Despite centuries of colonization, many Indigenous peoples' cultures remain distinct in their ancestral territories, even in today's globalized world. Yet they exist often within countries that
hardly recognize their existence. Struggles for political recognition and cultural respect have occurred historically and continue to challenge Native American nations in Montana and Sámi people of
northern Scandinavia in their efforts to remain and thrive as who they are as Indigenous peoples. In some ways the Indigenous struggles on the two continents have been different, but in many other
ways, they are similar.
The vision motivating this book is inspired, inspiring, and truly original. [It] promises to become a benchmark for future conversations concerning comparative Indigenous scholarly methodologies.
—Deborah Madsen, author of Understanding Gerald Vizenor
Mapping Indigenous Presence presents a set of comparative Indigenous studies essays with contemporary perspectives, attesting to the importance of the roles
Indigenous people have played as overseers of their own lands and resources, as creators of their own cultural richness, and as political entities capable of governing themselves. This
interdisciplinary collection explores the Indigenous experience of Sámi peoples of Norway and Native Americans of Montana in their respective contexts—yet they are in many ways distinctly different
within the body politic of their respective countries. Although they share similarities as Indigenous peoples within nation-states and inhabit somewhat similar geographies, their cultures and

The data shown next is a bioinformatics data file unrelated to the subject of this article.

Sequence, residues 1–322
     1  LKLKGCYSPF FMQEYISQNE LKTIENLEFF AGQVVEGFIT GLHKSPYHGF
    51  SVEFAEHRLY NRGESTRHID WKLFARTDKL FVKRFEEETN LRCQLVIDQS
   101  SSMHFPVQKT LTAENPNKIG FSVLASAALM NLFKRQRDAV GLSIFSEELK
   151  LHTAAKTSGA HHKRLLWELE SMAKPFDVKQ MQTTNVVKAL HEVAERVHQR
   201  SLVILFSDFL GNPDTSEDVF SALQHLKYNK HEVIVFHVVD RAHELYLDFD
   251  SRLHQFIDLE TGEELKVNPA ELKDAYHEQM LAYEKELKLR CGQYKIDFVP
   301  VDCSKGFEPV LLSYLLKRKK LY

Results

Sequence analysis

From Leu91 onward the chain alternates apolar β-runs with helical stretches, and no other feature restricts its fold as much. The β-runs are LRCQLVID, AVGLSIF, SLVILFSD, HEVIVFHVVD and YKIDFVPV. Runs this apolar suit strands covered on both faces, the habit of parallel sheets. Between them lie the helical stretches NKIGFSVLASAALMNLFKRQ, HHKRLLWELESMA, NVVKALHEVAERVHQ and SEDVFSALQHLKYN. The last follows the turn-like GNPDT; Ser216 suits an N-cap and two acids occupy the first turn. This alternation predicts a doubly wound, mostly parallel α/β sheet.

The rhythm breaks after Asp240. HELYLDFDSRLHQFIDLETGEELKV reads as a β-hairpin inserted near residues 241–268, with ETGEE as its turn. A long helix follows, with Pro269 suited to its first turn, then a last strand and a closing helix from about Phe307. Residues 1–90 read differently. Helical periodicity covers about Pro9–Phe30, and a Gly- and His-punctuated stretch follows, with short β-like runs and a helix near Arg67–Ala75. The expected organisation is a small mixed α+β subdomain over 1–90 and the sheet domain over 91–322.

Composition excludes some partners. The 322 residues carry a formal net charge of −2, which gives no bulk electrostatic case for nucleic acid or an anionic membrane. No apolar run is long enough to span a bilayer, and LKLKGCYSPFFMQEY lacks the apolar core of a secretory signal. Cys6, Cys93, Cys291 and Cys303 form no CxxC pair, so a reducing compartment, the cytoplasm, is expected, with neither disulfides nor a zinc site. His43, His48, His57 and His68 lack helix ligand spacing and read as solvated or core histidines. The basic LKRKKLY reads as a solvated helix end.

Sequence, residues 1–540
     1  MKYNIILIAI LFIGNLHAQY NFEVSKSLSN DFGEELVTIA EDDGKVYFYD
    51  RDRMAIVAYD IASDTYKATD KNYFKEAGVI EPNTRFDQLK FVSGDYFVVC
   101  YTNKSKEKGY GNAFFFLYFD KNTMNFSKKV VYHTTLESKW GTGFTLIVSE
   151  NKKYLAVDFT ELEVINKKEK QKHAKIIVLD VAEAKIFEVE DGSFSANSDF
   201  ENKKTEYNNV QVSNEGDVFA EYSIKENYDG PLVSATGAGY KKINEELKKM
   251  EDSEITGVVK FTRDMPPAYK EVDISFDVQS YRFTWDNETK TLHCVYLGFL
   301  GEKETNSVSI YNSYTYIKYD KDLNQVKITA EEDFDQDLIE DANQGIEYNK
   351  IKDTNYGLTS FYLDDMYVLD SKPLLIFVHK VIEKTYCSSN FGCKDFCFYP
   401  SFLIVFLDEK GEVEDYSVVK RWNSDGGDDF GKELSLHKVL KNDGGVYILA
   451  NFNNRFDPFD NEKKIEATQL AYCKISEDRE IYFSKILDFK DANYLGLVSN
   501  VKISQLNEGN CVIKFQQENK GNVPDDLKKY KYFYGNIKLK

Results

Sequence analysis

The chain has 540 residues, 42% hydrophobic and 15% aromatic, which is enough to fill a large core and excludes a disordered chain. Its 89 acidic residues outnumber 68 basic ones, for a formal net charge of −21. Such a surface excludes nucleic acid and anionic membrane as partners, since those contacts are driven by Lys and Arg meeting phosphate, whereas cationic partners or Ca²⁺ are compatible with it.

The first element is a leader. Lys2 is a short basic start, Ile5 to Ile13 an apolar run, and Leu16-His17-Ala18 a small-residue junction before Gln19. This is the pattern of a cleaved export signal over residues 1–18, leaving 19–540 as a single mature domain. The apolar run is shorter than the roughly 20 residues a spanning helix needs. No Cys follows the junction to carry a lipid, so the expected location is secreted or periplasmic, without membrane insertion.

histories differ significantly.
Sámi people speak several languages, while Indigenous Montana is made up of twelve different tribes with at least ten distinctly different languages; both
peoples struggle to keep their Indigenous languages vital. The political relationship between Sámi people and the mainstream Norwegian government and culture has historically been less contentious
that that of the Indigenous peoples of Montana with the United States and with the state of Montana, yet the Sámi and the Natives of Montana have struggled against both the ideology and the
subsequent assimilation policy of the savagery-versus-civilization model. The authors attempt to increase understanding of how these two sets of Indigenous peoples share important ontological roots
and postcolonial legacies, and how research may be used for their own self-determination and future directions.